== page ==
This is David & Susan Sifford's journal of what we pray is our sojourn of life (Hebrews 11:8-10) along the narrow way (Matt 7:14), even the old paths (Jeremiah 6:16), submitting to the Bible as a light unto both (Psalms 119:105). It is our prayer that these documented moments in our earthly time benefit whom God might choose to edify, but ultimately that God glorifies Himself through them.
After we had a turkey mommy accidentally hatch out a chicken chick, we discovered in the barn next to the north footer in the middle a set of turkey eggs being sat on by both a turkey and a chicken. Since the turkey mommy worked well as a surrogate to the chicken chick, I started to wonder if maybe a chicken mommy might make a good surrogate for turkey chicks, especially because a chicken hen is much easier to work with than the larger and stronger turkey hen.
Well, the little things started to hatch, and eventually the chicken mommy ended up near the big door across the barn to the east with the chicks under her, and the turkey mommy kind of hanging out behind her. So, it was round up the youngin’s and the chicken mommy and get them into the summer kitchen (now basically what is a brooder barn).
There were 6 of them, and we initially started them in a cage on the table, which you can see in the video below.
Then not long after, another turkey/chicken mommy group in the barn hatched out 1, and it was walking around on the hay stack next to them, and so we grabbed it and put it in with the brooder barn mommy, hoping she would accept it, and she did!
And then, another 1 from that same 2 mommies in the barn, and so it was off to the brooder barn.
And so now, there are 8 turkey chicks with their chicken mommy in the brooder barn all still doing great! That last one is a little tiny, and I wasn’t sure if it was going to make it, but it’s still going!
And, along with the picture above, here is another picture of them. However, the chicken mommy at this point seems to be losing interest in attending to them as a mommy, and has been jumping out of the caged run area, so we may just let her go soon, although we do like the idea that these mommies being there might protect the young from snakes:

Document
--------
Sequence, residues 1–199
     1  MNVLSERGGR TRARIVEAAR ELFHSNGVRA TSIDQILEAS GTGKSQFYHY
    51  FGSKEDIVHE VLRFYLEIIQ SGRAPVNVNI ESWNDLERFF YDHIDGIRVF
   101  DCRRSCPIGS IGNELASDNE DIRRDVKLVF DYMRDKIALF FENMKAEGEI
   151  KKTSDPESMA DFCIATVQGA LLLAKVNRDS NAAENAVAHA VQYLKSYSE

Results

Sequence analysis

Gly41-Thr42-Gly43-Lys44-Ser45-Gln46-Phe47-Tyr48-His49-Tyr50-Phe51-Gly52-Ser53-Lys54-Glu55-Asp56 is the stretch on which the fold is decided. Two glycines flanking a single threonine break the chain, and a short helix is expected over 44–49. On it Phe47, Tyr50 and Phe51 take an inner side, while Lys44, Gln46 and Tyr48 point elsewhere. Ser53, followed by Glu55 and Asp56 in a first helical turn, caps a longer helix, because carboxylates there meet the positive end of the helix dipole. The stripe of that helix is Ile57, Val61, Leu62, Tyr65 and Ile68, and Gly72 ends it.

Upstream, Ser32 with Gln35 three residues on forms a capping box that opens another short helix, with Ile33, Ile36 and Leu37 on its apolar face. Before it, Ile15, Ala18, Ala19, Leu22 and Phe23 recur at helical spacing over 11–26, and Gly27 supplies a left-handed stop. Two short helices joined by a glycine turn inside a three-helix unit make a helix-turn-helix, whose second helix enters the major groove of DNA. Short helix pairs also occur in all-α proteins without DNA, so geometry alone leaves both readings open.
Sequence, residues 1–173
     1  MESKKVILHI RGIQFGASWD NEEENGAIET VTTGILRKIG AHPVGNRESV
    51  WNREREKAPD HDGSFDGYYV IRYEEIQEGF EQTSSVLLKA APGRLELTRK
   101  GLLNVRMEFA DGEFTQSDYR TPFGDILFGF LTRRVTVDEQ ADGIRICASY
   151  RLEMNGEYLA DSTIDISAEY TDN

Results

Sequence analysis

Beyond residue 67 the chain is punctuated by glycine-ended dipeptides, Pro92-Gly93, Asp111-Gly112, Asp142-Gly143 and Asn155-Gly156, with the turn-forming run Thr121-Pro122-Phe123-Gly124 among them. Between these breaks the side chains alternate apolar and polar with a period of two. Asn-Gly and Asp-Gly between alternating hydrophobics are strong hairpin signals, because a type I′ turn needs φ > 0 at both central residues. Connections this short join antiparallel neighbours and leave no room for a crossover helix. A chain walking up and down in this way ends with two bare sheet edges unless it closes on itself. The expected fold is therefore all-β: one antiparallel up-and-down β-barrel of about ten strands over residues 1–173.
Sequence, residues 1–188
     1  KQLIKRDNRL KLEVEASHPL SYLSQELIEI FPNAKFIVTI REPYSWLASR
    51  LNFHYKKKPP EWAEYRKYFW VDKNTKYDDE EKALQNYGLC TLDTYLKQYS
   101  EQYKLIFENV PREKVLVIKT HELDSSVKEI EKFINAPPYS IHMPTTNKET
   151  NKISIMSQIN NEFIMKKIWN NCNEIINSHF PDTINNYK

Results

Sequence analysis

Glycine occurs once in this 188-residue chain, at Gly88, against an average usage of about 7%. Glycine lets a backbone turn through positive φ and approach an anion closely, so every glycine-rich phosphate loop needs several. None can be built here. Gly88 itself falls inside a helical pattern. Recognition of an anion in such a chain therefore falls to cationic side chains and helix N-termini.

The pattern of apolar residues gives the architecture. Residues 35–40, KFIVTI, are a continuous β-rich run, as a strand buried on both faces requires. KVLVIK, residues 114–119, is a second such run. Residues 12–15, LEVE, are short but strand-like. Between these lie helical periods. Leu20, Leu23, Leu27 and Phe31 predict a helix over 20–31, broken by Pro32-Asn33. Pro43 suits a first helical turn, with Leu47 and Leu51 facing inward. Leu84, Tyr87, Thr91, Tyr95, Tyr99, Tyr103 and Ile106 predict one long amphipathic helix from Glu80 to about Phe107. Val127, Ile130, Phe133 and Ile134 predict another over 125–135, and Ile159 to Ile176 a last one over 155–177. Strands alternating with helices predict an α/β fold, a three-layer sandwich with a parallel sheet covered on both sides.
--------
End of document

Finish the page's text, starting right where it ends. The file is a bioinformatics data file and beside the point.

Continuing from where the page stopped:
And here is their video:
We thank the Lord for granting these new little provisions, and for the idea and gracious success of a chicken hen taking care of the young turkey chicks!
Tanya and hers were still in the brooder barn (aka. the summer kitchen), so we didn’t really have a place for Tasha, and I didn’t want to put her in a small caged area like we do for our chickens.
Well, Tasha’s chicks started hatching, so what we ended up doing was drop down a couple of extra OSB boards we had and stitch together two chicken fence-cages into a longer run like in the brooder barn. We then covered it all with blankets and bent one end down so I could lean over and access the inside, and we set up their water and food.
And then it was time to try to transfer her and the turklets. The youngin’s were already starting to walk away from her and explore a little, so we just started grabbing them and moving them into the caged area, and Tasha thankfully kept calm. And then with her, we put a large fishing net over her, grabbed her from within that, and put her into the caged area. Thankfully, that all went rather smoothly. 8 turkey chicks in all! Wow, and thanks to the Lord!
Sadly, 1 died pretty quickly, but the other 7 kept going and growing.
Quite a few weeks later, when they all were much bigger, one morning, one of the young was getting picked on, so, with them pretty close to big enough where we were planning on letting them go soon anyway, I decided to let them free at that time.